Archive for category The Board Room

Shut up and start that business!

Sometimes there is too much yabbering on about “Yeah I’m going to start that business” well get on with it! I don’t mean BLINDLY jump in and start but there are things you can do to assist your start up to well… get started. Plan, you have probably thought about your business a LOT! Now put those thoughts on paper.

Get the right people behind you, a mentor, an accountant and listen to their advice and information. Then explore ways to make your business successful, That might start with effective accounting software, so you can have time to practice getting up to speed with how it will work for your business.

Now take a look at these ideas and explore your planning from there.

Start up tips.
  • Get smart – Set solid achievable goals, Aim to work less physically and earn more, therefore get others to do the hard stuff that is too taxing on you and you get to supervise them
  • Do your research – Who are your competitors, what is the need for what you have to offer, how much will your costs of business be…
  • Get a mentor – Find someone ‘successful’ in the line of business you want to go into and chat to them, make them your best buddy, learn from them fast.
  • Do the sums – How much money do you need to earn PER DAY to make a decent wage for yourself, work it out over a 220 day period, as that’s about all you get in a working year. Know that profit is different from wages and overheads… Use any profit wisely
  • Develop easy systems, policies and procedures as you go – Make it so that if you had to sell the business tomorrow, you could set someone up in that business really easily
  • It’s an asset – That means it earns money and if you sell it later on you can realise a profit. If it’s a good business it will sell easily and that will be due to good $$ figures as well as having great systems a kid could follow to make it run
  • Be the leader people LOVE –  Your staff, your customers, your suppliers. They should all love you for all the right reasons, you are honest, trustworthy, respectful
  • Learn more – You don’t know it all, you either learn fast or get someone to do do it for you. Actually do both so you can keep your finger on the pulse of what’s happening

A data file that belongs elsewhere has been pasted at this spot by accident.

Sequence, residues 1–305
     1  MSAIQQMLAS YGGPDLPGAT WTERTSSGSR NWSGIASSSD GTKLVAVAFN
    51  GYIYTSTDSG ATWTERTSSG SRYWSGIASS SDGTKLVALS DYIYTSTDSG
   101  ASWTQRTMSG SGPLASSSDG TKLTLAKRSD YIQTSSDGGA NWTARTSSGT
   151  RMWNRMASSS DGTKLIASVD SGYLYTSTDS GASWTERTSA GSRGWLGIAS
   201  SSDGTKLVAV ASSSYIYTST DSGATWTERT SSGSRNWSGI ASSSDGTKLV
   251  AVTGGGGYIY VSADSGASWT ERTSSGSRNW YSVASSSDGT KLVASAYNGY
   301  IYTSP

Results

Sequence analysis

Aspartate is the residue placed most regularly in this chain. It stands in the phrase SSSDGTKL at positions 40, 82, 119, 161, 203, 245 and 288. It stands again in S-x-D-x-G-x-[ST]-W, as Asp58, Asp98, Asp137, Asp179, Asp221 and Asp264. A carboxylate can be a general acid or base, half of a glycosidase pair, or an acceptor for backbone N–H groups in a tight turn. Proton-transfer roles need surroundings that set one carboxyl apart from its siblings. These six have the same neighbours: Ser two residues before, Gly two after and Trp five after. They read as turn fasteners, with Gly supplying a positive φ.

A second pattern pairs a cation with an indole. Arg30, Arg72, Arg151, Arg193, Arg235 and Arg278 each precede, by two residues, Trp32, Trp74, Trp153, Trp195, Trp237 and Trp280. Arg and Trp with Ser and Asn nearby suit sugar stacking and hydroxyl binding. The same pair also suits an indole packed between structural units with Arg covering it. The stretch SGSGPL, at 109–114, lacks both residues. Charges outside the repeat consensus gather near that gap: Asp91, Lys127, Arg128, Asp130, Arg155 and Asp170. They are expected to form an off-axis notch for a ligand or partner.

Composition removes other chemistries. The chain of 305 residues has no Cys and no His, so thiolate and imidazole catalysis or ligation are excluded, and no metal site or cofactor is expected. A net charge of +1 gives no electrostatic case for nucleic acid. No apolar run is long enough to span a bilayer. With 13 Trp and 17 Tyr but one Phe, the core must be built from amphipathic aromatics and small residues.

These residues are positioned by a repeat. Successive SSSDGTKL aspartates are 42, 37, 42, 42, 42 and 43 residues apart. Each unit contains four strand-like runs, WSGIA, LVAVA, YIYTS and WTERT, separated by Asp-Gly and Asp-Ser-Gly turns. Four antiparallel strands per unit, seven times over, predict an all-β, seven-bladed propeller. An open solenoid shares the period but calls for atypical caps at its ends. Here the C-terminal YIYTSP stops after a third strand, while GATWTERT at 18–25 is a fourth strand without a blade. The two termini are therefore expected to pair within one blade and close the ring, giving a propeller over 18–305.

• Squeak – Be squeaky clean in all your dealings in business, naughty deals go bad, not every time, but when they do you may well have good reason to fear for your life
  • Professionalism – Be the best you can at communication, presentation, living positive values, making/creating fantastic goods and or services

Overwhelming? Welcome to business, and this is just the tip of the iceberg…

  • Have business insurance – Peace of mind can cost money, but it’s worth it if you need to payout hard earned $$ for whatever reason
  • Real estate – You want to rent an office, a workshop, a shopfront… Good find out the details of how long the lease needs to be, what things you can and can’t do there. If you want to rely on passing trade, for a shop front for instance, then sit out the front and count, if 50 people go past in a day, how many of those will buy from  you?
  • Marketing – It was never easy, and now although there is social media, it’s even harder to get peoples attention, time to create a plan, a detailed one. Oh and you have budgeted for the costs yeah?
  • Budget – In the first phase of business you will spend a heap of money, make sure you know where it’s going. Careful planning is vital here, too many people have thrown away countless thousands on a fabulous idea, only to go nowhere. These people can end up sour and bitter about business. Track your income, profits etc, learn  how to do that effortlessly
  • Learn more – Read articles, jot down ideas, do a small business course, jot down more ideas, check out your competition and other businesses like yours, chat to them, find out their pain and figure out what you can do to avoid that pain. Go to business seminars, industry events and the like. Get into groups on social media for your industry type. Read books on key business things you need to know about, marketing, operations, management, communications skills, leadership and negotiation, just to name a few